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Brigadier-General Ellison Capers, Confederate Military History, a library of Confederate States Military History: Volume 5, South Carolina (ed. Clement Anselm Evans) 209 11 Browse Search
Rebellion Record: a Diary of American Events: Documents and Narratives, Volume 9. (ed. Frank Moore) 147 19 Browse Search
The Photographic History of The Civil War: in ten volumes, Thousands of Scenes Photographed 1861-65, with Text by many Special Authorities, Volume 5: Forts and Artillery. (ed. Francis Trevelyan Miller) 85 1 Browse Search
John Bell Hood., Advance and Retreat: Personal Experiences in the United States and Confederate Armies 82 6 Browse Search
Joseph T. Derry , A. M. , Author of School History of the United States; Story of the Confederate War, etc., Confederate Military History, a library of Confederate States Military History: Volume 6, Georgia (ed. Clement Anselm Evans) 81 3 Browse Search
Col. O. M. Roberts, Confederate Military History, a library of Confederate States Military History: Volume 12.1, Alabama (ed. Clement Anselm Evans) 62 28 Browse Search
Southern Historical Society Papers, Volume 13. (ed. Reverend J. William Jones) 59 3 Browse Search
Colonel Charles E. Hooker, Confederate Military History, a library of Confederate States Military History: Volume 12.2, Mississippi (ed. Clement Anselm Evans) 56 16 Browse Search
Southern Historical Society Papers, Volume 32. (ed. Reverend J. William Jones) 56 10 Browse Search
James D. Porter, Confederate Military History, a library of Confederate States Military History: Volume 7.1, Tennessee (ed. Clement Anselm Evans) 56 6 Browse Search
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Browsing named entities in Southern Historical Society Papers, Volume 12. (ed. Reverend J. William Jones). You can also browse the collection for Stephen D. Lee or search for Stephen D. Lee in all documents.

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Southern Historical Society Papers, Volume 12. (ed. Reverend J. William Jones), Cursory sketch of the campaigns of General Bragg. (search)
th the masses, who were ignorant of the situation, the most if not all of whom were his admirers, and to the ability of his little army, to give battle to the overwhelming odds under Sherman, for the one last lingering hope of holding Atlanta, the key to the Confederacy. And, though failing in the end, gallantly did he redeem his responsible pledge. The venture was hazardous in the extreme, and it required brave officers to meet the emergency. 'Twas then that the brave and chivalric Stephen D. Lee, who merited the high compliments of President Davis, paid him before the Legislature of Mississippi the year previous, was called to the command of Hood's corps, and our equally gallant and intrepid Jacob H. Sharp and others, tried and true men, were promoted to the rank of general officers, in which capacity their military skill was more urgently needed and their valuable services could at the same time be rewarded The battles of the 22d and 28th of July, 1864, around Atlanta, and at J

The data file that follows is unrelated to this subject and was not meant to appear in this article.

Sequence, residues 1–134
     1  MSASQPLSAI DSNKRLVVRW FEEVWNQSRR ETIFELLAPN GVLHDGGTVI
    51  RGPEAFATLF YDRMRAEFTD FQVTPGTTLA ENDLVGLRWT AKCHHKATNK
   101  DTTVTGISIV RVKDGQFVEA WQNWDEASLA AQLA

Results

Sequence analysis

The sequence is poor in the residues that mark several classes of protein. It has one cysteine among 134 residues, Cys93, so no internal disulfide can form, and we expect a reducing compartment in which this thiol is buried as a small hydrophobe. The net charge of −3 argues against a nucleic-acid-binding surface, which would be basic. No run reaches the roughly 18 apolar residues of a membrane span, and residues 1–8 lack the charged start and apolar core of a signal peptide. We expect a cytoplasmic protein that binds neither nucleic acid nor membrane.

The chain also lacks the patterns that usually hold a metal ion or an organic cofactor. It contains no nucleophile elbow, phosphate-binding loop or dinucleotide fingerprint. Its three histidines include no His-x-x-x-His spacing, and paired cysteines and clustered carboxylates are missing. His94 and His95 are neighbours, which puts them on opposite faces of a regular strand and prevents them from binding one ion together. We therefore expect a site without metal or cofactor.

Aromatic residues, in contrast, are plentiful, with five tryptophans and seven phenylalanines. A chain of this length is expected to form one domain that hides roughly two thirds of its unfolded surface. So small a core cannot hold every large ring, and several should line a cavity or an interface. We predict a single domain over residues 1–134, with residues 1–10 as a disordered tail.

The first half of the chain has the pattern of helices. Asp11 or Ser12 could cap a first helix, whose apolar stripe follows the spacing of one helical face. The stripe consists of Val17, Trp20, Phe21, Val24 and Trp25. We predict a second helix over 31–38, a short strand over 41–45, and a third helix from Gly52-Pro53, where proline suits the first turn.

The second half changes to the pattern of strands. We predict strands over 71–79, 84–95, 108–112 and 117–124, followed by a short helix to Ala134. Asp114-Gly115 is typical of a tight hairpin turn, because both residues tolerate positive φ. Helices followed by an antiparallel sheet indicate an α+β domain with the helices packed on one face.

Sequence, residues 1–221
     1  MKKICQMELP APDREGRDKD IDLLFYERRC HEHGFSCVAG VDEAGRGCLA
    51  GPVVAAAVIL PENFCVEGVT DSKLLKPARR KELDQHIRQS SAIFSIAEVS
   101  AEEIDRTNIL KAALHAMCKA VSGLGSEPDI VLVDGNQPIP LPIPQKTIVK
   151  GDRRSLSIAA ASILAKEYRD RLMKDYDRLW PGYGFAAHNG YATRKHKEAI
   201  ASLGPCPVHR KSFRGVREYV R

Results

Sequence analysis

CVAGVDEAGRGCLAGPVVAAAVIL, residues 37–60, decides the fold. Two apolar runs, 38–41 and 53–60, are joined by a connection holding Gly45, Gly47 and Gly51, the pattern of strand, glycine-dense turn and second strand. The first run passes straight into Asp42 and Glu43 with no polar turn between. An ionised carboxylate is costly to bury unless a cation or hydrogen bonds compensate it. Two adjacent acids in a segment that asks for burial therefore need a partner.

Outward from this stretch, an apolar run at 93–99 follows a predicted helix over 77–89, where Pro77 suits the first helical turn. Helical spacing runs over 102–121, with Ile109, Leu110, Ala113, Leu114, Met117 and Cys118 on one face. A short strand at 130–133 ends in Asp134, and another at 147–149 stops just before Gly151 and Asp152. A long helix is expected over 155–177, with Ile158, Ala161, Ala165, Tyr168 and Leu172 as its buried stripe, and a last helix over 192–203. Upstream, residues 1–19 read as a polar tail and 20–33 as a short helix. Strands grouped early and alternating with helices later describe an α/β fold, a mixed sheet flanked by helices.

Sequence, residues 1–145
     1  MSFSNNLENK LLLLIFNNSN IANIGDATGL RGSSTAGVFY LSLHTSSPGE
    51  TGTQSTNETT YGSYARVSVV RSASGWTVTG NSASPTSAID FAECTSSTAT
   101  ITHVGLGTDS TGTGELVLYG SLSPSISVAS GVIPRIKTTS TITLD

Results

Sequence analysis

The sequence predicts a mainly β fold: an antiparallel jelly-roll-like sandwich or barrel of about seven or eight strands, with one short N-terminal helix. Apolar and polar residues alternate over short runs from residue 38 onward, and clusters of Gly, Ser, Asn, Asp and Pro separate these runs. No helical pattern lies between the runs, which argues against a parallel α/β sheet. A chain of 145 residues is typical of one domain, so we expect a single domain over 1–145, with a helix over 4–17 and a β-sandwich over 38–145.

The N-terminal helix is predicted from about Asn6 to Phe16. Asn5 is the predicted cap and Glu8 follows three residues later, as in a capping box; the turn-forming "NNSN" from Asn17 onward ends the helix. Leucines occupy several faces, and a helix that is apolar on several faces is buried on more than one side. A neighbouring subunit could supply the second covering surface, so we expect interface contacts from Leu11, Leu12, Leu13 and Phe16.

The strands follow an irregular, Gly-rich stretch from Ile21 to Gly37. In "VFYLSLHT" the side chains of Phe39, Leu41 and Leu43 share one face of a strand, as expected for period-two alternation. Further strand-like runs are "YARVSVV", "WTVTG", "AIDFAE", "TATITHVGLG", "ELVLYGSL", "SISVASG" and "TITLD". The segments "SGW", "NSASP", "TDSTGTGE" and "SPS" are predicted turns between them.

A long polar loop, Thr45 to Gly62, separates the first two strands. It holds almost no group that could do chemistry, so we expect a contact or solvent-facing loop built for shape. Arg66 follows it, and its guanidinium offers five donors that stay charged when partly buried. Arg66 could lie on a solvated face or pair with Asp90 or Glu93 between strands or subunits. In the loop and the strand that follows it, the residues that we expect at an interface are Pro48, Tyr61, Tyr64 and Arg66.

Southern Historical Society Papers, Volume 12. (ed. Reverend J. William Jones), Is the, Eclectic history of the United States, written by Miss Thalheimer and published by Van Antwerp, Bragg & Co., Cincinnati, a fit book to be used in our schools? (search)
we call especial attention to the general scope and bearing of the biographical sketches given in the book— eleven very tame sketches of Confederates, and twenty-six sketches of Federals, most of the latter glowing eulogies. It will not do to say that the sketches are chiefly of Generals commanding armies, for many of the Federals sketched would not come under this head, while a number of Confederates who commanded armies, such as John B. Floyd, Henry A. Wise. J. A. Early, John B. Hood, S. D. Lee, Leonidas Polk, Stirling Price, Earl Van Dorn, Kirby Smith, Dick Taylor, Hardee, &c., are omitted. The truth is the Confederates largely outnumbered the Federals in men worthy of places in general history, and for Southern schools it is unpardonable to omit such names as Ashby, Stuart, Forrest, Hampton, Ewell, A. P. Hill, Pat. Cleburne, M. F. Maury, Buchanan, and scores of others who should be household words among our people. The sketches of Lee and Jackson are the only ones which ma